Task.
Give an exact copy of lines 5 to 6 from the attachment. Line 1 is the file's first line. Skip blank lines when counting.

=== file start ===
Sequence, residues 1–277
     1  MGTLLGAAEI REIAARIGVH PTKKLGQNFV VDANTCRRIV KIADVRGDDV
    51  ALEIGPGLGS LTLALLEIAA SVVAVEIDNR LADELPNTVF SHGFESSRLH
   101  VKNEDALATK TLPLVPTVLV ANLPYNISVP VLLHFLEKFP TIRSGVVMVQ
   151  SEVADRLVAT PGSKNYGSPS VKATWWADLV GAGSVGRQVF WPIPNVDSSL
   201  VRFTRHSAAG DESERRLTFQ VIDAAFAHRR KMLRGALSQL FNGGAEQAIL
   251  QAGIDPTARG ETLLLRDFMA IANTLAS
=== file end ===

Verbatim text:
   151  SEVADRLVAT PGSKNYGSPS VKATWWADLV GAGSVGRQVF WPIPNVDSSL
   201  VRFTRHSAAG DESERRLTFQ VIDAAFAHRR KMLRGALSQL FNGGAEQAIL